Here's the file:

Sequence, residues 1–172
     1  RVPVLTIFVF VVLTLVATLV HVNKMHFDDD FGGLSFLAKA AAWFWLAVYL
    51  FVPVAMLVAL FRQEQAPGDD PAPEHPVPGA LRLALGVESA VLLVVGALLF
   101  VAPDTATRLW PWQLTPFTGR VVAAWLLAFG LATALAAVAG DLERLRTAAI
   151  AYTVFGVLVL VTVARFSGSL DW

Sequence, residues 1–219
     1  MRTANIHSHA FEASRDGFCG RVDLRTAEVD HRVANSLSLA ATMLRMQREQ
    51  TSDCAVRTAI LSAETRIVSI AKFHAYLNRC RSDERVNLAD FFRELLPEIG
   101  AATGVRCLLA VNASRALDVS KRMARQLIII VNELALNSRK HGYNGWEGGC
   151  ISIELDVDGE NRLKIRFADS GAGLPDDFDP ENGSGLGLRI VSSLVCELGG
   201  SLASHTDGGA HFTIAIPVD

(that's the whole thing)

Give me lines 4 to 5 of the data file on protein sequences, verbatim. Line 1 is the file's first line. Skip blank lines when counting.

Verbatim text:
   101  VAPDTATRLW PWQLTPFTGR VVAAWLLAFG LATALAAVAG DLERLRTAAI
   151  AYTVFGVLVL VTVARFSGSL DW